|Location||This poem first appeared in Haute Dish: The Arts & Literature Magazine of Metropolitan State University|
|Date||Fall Issue 2010|
by James C. Henderson
Seated with the other department heads
around a large walnut conference table
I wonder once again:
What am I doing here?
I know little about product turn.
or profit & loss statements.
Pie charts and graphs say nothing to me.
I care more how each
of my fellow workers feels
how they are coping with their problems:
the delinquent daughter, the sick mother
a pending divorce
or their joys: the new lover, the new baby
a vacation to the south of France.
Their emotions rise and fall within me
like waves around the table.
The light in the room is white
brilliant on the walls, stark as linen.
Outside, brick buildings are lined up
shoulder to shoulder along the sidewalk—
an Edward Hopper kind of street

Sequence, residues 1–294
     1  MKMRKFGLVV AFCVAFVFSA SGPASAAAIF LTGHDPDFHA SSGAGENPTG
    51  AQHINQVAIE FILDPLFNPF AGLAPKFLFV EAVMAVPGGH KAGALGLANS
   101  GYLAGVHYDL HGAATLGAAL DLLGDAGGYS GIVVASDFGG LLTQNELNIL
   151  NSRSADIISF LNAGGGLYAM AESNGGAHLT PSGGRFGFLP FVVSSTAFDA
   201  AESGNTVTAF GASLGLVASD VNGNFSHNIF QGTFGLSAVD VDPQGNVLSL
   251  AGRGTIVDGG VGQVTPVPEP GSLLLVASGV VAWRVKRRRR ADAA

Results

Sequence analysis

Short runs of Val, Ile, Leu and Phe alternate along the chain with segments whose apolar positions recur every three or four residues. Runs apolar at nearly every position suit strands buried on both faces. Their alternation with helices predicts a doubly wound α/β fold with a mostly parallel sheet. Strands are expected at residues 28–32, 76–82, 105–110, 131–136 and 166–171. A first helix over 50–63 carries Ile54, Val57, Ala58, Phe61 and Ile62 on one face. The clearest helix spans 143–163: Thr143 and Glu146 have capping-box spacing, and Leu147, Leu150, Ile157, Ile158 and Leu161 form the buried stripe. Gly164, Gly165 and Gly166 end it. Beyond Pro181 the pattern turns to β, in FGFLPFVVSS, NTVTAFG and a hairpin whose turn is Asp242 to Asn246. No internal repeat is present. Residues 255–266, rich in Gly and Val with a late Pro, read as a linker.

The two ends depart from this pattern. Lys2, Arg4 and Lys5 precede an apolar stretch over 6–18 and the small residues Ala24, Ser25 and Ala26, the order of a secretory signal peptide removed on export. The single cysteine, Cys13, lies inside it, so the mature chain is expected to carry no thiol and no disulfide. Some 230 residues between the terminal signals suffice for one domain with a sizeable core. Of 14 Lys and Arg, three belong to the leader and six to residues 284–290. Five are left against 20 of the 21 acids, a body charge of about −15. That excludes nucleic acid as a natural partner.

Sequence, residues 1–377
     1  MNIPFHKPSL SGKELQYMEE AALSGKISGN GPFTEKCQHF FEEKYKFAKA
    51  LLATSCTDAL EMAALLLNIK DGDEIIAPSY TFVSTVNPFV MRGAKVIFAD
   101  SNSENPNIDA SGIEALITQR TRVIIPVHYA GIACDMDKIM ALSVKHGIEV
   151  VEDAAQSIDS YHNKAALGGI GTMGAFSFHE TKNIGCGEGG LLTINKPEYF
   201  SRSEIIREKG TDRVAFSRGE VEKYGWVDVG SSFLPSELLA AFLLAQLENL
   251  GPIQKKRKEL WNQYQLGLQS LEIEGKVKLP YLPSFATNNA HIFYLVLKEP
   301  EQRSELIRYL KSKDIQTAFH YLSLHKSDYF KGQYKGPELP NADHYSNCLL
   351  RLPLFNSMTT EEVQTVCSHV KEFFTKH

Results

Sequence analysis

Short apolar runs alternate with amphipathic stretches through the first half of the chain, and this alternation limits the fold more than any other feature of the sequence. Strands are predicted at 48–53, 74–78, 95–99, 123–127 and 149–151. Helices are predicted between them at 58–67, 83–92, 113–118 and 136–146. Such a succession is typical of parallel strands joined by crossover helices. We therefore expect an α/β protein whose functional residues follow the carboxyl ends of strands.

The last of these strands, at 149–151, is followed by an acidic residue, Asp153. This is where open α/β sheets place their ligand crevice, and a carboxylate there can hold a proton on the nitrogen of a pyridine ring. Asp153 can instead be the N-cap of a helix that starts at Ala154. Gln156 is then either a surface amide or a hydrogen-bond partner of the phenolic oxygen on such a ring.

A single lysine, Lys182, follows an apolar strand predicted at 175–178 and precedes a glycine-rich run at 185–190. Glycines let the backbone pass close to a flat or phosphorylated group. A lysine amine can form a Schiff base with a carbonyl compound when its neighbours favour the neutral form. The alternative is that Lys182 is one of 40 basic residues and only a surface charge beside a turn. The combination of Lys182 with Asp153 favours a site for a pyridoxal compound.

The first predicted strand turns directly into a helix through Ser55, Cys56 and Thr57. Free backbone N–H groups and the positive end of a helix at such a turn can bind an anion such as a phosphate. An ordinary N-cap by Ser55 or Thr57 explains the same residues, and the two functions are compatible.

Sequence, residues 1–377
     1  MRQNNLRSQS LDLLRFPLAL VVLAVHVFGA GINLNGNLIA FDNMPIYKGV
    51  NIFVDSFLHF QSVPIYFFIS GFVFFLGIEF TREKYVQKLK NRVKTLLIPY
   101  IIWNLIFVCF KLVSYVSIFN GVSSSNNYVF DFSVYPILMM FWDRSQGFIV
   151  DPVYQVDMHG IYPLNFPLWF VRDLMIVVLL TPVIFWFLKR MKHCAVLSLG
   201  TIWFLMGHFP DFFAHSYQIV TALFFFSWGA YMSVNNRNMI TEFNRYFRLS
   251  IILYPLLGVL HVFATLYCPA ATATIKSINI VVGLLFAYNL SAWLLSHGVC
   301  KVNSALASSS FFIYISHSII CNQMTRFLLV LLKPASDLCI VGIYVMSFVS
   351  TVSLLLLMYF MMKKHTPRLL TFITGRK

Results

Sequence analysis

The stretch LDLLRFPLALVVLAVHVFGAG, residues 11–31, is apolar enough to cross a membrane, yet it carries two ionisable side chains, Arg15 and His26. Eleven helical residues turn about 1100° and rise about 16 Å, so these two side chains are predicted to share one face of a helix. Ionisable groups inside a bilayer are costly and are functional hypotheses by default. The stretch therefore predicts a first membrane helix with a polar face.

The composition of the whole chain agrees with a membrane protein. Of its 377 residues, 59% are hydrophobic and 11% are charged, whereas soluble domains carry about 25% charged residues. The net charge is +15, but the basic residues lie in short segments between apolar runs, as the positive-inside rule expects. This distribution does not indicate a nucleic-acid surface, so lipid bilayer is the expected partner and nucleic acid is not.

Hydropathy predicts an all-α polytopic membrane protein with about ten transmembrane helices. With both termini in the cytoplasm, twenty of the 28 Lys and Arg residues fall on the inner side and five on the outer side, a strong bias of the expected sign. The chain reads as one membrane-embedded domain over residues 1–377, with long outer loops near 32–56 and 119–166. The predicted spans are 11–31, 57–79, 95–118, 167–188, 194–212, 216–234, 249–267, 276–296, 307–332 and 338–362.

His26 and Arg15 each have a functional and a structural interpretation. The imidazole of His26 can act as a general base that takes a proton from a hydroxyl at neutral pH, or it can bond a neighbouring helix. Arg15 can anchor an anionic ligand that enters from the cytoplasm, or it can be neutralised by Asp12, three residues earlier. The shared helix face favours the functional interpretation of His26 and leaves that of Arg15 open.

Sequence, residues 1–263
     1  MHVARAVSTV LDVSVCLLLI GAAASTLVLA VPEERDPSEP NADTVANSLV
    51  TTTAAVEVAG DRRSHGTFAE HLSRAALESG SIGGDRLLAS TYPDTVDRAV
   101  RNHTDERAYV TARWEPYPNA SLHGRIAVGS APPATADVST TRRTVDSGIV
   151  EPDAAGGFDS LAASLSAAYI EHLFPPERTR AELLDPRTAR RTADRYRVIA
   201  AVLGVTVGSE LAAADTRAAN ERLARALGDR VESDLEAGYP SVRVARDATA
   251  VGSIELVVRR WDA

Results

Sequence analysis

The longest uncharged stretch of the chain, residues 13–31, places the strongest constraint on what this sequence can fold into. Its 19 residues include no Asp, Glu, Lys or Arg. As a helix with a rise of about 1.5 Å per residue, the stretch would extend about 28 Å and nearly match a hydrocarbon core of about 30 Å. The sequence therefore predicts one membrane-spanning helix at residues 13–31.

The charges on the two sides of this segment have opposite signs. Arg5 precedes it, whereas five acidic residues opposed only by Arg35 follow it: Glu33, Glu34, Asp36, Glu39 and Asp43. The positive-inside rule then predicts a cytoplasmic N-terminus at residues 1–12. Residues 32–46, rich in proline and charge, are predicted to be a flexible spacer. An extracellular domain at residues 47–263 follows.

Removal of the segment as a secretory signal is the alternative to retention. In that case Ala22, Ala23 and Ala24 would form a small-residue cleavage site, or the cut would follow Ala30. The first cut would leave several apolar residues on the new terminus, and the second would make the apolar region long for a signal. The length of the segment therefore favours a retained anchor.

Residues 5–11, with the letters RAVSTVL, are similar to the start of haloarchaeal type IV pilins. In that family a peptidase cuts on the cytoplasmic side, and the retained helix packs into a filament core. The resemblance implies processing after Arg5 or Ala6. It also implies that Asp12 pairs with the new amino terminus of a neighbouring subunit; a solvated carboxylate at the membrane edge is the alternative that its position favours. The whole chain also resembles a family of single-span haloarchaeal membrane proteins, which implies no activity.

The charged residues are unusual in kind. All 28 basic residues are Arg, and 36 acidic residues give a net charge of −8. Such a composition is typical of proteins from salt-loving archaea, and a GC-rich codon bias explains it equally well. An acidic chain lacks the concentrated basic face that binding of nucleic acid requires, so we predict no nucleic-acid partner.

in an Edward Hopper kind of light.
I think of my wife, of lying in her embrace
naked in bed, rising and falling
on a sea of love
and Lake Superior emerges
from the wall of the conference room
dark blue with a beach of rust-colored stones
timbered headlands stretching to the horizon.
Light penetrates the water in wavering shades
of azure and green, dancing rays on the back
of something dark and gray rising to engulf me.
Then the boss is asking, “How is the weather
out there?” and the disembodied voice of a woman
says from the black telephone at the center
of the table that it is cloudy
and I have the opportunity to explain
to her, this client, how much I can help her.
I hear her listening. I see her
in a navy suit and white, ruffled blouse.
She sounds about 45-years-old.
She either has kids or she has given
them up for her career.
My voice is calm and steady.
Even a little of the white light
has found its way into my tone—
it betrays nothing.
I ask, “Are you happy?”